Although never really considered a member of the space club, the United Kingdom has issued a set of stamps marking that nation’s role in the exploration of space. The stamps, released Oct. 18, are exciting in that they show images of the solar system taken from European Space Agency probes, partly funded by Britain. This year marks the 50th anniversary of the first British satellite, Ariel 1, launched April 26, 1962 from Cape Canaveral. All six of the Ariel satellites, used for research of the ionosphere and cosmic X-rays, were launched from Cape Canaveral. Britain did launch one satellite, Prospero, from a site in Australia busing the British Black Arrow launch vehicle. After that the British abandoned efforts to create their own launch vehicle and have launched satellites by contracting the services to NASA. Continue reading →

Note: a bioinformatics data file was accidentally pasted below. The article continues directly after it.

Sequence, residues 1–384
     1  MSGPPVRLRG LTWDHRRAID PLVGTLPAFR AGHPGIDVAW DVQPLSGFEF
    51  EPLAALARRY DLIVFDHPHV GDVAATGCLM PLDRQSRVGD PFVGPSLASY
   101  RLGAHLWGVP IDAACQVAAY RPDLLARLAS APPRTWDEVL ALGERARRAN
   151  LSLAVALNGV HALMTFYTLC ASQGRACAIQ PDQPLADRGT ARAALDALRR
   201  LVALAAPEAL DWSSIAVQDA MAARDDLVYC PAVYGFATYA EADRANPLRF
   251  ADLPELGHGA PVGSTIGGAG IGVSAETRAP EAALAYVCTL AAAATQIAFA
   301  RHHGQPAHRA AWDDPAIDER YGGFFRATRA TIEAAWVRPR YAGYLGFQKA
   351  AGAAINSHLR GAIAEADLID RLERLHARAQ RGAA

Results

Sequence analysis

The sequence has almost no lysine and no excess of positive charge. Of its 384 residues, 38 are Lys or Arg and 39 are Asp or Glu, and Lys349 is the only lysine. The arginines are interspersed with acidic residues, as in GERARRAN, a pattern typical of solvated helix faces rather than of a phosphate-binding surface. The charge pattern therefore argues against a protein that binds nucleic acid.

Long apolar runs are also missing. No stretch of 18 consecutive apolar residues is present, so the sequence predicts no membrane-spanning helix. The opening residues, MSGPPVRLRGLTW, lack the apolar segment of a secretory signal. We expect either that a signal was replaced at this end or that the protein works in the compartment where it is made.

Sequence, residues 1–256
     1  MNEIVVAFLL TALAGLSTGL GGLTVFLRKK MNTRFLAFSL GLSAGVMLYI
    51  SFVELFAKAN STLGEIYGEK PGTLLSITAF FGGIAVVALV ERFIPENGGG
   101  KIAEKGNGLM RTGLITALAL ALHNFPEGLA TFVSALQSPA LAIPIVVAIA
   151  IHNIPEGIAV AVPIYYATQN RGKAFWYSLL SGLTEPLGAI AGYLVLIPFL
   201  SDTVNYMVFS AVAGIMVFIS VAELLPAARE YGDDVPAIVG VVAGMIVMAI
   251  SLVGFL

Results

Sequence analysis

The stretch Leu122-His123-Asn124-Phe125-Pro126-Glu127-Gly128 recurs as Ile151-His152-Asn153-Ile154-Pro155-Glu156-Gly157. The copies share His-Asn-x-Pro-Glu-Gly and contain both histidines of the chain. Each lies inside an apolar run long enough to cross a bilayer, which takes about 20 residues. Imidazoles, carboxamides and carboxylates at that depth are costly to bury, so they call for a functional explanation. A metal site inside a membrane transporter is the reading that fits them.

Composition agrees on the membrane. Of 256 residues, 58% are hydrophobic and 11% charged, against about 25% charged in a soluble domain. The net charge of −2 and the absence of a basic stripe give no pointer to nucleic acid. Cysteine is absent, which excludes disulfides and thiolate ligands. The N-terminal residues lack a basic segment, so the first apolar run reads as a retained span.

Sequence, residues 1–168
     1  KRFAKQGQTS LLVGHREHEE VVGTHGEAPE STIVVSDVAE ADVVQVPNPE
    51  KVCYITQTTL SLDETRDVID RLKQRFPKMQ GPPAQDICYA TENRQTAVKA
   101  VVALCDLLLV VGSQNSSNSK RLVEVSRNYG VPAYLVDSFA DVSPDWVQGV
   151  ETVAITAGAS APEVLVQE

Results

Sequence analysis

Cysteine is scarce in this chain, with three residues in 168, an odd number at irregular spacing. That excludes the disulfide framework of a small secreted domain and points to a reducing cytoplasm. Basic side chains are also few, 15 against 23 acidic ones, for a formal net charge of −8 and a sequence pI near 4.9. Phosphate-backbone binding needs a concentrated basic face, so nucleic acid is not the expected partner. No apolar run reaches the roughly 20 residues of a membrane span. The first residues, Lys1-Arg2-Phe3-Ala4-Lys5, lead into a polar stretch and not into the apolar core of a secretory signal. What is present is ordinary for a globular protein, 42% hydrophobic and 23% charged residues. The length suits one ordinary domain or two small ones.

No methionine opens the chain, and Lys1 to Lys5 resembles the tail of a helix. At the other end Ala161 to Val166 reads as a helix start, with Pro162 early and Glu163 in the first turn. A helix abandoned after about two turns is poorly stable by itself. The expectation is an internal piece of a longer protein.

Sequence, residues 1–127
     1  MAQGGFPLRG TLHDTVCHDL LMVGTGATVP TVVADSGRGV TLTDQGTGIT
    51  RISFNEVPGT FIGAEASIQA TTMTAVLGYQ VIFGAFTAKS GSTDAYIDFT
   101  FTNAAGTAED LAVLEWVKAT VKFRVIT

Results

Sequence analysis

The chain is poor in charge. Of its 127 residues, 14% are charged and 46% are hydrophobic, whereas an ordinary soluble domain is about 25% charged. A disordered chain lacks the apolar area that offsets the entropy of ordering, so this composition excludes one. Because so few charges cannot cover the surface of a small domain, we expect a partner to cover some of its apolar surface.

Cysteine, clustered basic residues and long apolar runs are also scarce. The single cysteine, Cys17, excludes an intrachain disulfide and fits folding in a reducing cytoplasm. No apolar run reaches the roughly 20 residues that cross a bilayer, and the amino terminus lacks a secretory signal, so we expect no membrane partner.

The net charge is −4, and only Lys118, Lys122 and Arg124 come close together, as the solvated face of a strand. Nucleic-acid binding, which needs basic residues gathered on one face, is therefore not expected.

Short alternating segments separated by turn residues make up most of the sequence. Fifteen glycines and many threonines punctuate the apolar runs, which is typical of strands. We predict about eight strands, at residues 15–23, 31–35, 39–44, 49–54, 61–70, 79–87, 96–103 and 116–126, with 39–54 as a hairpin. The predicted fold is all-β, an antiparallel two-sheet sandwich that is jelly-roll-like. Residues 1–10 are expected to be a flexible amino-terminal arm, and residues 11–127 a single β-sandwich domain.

On a clear night, you can look up and see most of the planets, if you know where to look, with your naked eyes. If you do it often, they become familiar enough that you begin to recognize them without thinking. Jupiter in its glory, blazing Venus, and even Saturn are not that hard to spot, but sometimes elusive in our world of light and atmospheric pollution. Nothing I ever saw prepared me for these dramatic images. What makes it exciting is that these stamps show images of the planets that could never be seen by an earthbound observer. This is the way the solar system looks to us as we begin to explore our tiny section of the cosmos.
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